May 1, 1890: Detroit Wolverines top Toronto in ragged season opener
After losing the Syracuse, Rochester, and Toledo franchises to the American Association, the International Association opened its 1890 season with only six teams. Five were holdovers from the previous year: Detroit and Buffalo in the US; and Toronto, London, and Hamilton in Ontario, Canada. One was a new Michigan franchise, the humorously named Saginaw-Bay City Hyphens.
The Detroit Wolverines, managed by Bob Leadley, had captured the 1889 International Association pennant in convincing fashion, finishing seven games ahead of the second-place Syracuse club. Leadley predicted that his 1890 Wolverines would be “fully 25 per cent stronger” than the 1889 championship team.1 “Manager Leadley has in the Detroits undoubtedly one of the best, if not the best, minor league club in the country,” said the Buffalo Express.2
The Torontos,3 under new manager Charles Maddock, hosted the Wolverines on Opening Day, Thursday, May 1, 1890, at the Toronto Baseball Grounds in front of 2,500 fans, “a large attendance considering the painfully chilly weather.”4 Players and spectators were “thoroughly uncomfortable, as a cold north wind made the atmosphere as chilly as that of a March day.”5
The game was preceded by a grand parade through the streets of Toronto. A brass band led the way, and the ballplayers followed in horse-drawn carriages. At the ballpark, after the teams’ pregame warm-ups, Toronto Mayor Edward F. Clarke made a welcoming speech and ceremoniously tossed a baseball onto the field. Wesley Curry, “a steady, reliable umpire,”6 was the game’s sole arbiter.
The Detroit lineup featured a first-rate infield. Jake Virtue was regarded as one of the best-fielding first basemen. Bill Higgins, the second baseman, could “make a double play as quick as anyone.”7 The speedy Bobby Wheelock covered a lot of ground at short. Jim Donnelly, the third baseman, was the team captain.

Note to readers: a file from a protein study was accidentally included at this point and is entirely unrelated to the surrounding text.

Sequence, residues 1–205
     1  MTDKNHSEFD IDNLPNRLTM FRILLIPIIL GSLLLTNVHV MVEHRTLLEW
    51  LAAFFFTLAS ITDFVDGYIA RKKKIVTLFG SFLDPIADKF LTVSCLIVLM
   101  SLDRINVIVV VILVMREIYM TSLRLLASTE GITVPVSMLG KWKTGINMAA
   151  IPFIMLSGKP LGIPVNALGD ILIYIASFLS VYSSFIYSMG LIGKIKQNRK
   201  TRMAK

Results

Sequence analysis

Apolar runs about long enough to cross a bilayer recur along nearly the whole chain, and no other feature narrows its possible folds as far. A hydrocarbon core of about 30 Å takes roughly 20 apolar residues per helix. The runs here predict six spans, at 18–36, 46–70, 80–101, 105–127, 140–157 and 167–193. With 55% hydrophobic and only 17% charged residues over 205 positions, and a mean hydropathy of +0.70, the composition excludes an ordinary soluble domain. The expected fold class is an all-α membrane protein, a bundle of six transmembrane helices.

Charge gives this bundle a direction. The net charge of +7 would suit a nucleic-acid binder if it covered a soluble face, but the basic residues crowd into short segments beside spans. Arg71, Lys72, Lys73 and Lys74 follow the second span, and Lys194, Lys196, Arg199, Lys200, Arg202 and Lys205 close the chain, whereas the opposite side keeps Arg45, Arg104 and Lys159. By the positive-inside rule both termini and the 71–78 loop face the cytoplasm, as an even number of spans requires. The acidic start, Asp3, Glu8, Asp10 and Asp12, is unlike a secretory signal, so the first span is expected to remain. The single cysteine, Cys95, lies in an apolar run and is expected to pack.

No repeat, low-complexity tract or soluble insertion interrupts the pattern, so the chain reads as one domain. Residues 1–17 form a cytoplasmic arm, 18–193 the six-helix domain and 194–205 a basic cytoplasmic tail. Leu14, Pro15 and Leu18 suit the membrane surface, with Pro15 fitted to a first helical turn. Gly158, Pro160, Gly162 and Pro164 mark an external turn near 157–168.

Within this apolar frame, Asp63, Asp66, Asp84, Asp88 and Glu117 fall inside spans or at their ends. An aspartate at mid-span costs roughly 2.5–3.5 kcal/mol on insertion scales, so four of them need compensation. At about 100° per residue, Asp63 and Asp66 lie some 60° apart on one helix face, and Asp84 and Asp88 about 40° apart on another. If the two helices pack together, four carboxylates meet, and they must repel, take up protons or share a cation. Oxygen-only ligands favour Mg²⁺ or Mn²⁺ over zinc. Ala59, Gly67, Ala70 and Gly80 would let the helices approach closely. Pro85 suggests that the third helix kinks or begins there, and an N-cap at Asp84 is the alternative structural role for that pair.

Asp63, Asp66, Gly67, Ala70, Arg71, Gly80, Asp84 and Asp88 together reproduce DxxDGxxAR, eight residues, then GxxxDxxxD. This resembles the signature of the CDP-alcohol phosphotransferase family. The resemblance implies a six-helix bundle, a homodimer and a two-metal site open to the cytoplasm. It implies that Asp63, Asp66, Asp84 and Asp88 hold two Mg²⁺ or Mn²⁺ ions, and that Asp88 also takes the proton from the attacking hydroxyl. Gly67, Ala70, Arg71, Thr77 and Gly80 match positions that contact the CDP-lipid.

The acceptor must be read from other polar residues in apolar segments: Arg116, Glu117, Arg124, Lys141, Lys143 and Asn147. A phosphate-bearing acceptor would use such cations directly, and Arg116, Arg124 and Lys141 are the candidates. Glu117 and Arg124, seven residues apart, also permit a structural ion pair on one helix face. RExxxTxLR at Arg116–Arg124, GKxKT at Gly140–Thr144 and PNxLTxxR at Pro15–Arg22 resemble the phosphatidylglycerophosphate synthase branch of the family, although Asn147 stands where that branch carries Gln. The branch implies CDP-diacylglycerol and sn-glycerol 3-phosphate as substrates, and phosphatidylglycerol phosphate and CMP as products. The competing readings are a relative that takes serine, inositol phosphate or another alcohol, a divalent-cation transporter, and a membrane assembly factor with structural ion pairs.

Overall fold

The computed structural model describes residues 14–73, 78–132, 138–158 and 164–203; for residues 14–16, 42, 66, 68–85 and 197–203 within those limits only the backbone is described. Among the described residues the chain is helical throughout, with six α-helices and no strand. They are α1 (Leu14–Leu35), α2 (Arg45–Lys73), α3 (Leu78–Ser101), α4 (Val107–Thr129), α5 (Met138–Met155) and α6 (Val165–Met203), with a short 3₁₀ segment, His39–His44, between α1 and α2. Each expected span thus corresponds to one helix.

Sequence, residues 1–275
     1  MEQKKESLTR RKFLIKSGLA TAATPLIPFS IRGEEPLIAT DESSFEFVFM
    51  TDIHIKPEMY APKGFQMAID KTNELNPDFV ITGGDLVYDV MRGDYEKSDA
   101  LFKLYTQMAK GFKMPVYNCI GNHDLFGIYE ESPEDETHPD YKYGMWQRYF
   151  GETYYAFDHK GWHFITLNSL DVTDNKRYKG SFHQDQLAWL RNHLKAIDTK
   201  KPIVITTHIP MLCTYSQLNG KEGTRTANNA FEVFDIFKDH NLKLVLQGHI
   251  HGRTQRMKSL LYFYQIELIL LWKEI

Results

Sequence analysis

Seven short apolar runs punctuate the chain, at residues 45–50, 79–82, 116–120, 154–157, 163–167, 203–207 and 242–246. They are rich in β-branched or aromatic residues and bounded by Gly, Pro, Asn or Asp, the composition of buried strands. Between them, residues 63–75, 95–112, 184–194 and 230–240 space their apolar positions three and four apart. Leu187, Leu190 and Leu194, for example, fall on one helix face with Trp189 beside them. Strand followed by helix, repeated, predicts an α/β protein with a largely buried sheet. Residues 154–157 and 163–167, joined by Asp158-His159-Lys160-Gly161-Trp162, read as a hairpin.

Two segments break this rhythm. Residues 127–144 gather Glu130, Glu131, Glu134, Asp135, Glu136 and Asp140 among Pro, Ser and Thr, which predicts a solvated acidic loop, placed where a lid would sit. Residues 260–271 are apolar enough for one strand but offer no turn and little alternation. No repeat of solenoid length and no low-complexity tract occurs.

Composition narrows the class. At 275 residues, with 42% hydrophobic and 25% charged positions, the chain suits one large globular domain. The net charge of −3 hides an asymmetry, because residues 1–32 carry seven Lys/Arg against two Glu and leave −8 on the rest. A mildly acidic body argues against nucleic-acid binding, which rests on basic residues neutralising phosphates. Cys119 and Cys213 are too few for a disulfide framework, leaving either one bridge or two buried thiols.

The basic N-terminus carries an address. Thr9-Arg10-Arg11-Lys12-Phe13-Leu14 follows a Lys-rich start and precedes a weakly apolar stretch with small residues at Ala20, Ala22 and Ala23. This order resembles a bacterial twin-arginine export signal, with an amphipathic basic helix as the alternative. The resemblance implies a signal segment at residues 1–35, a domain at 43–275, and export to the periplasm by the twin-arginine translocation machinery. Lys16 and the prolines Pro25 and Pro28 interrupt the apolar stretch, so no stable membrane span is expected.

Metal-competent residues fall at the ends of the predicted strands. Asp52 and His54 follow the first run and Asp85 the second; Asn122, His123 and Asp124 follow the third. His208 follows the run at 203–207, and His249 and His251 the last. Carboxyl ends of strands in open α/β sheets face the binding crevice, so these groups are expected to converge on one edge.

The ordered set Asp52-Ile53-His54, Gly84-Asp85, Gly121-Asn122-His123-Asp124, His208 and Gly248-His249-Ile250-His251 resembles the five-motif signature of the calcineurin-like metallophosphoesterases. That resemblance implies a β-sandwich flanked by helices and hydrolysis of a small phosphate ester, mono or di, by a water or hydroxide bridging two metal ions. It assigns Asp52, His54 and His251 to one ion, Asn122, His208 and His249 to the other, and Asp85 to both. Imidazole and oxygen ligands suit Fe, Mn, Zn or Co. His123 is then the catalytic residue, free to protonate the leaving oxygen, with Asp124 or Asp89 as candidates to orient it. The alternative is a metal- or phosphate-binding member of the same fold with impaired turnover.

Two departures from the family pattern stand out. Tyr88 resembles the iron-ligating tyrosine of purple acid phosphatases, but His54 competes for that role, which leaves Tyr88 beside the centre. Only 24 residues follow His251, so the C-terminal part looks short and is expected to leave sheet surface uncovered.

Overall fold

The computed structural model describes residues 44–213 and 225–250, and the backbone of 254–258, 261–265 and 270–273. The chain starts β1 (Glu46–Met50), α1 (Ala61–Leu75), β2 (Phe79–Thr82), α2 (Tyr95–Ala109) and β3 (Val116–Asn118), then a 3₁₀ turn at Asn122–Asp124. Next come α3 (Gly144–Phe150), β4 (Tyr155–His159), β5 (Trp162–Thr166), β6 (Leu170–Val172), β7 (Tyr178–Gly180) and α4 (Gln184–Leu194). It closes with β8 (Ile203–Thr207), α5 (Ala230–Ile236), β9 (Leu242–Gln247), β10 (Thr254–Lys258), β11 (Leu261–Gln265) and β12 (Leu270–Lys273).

In the Detroit outfield were Harry Hulin in left, George Rhue in center, and Count Campau in right. The battery was pitcher Edgar Smith, a 27-year-old right-hander, and catcher Mike Goodfellow. Smith had posted an 18-9 record for the 1889 Wolverines. He was “a quiet, intelligent, gentlemanly fellow”8 and a good hitter; Leadley placed him sixth in the batting order.
The Toronto infield was composed of Pete Wood at first base, Tom McLaughlin at second, Albert Ike at short, and Chris Rickley at third The outfield was covered by Denny Connors, Billy Bottenus, and John Coleman in left, center, and right field, respectively.
The defending champions had prepared for the new season by playing a number of preseason games, but the Torontos had played only one.9 Five men in Toronto’s Opening Day lineup (Wood, Ike, and the entire outfield) were new to the club, so the Torontos opened the season with little experience playing as a team.
Toronto batted first and took a 2-0 lead. Smith struck out Grim, the leadoff man, but the third strike got past the catcher, Goodfellow, allowing Grim to make it to second base. Bottenus followed with a single to center field, scoring Grim, and went to second base on the throw home. Wood’s grounder was handled by Virtue, who tossed to Smith covering first, but Smith dropped the ball and Wood was safe. Bottenus rounded third base a little too far, and Smith fired the ball to Donnelly, who tagged Bottenus before he could return to the bag. Wood reached second base on Connors’ sacrifice and came home when McLaughlin sent “a line hit right into Hulin’s hands [in left field], and to the amazement of everybody he dropped it.”10
Connors singled with one out in the third inning but was erased by a 4-6-3 double play, from Higgins to Wheelock to Virtue. The nifty twin killing was “one of the finest ever seen on the home grounds,” reported the Toronto Mail.11
Two sacrifices and three singles, including a base hit by Smith, netted two runs for the Wolverines in the bottom of the third to knot the score. In the next inning, the Torontos were sloppy on defense as the visitors rallied for four more runs. Rickley and McLaughlin muffed infield popups. Higgins doubled in the inning, and Wheelock and Campau contributed singles.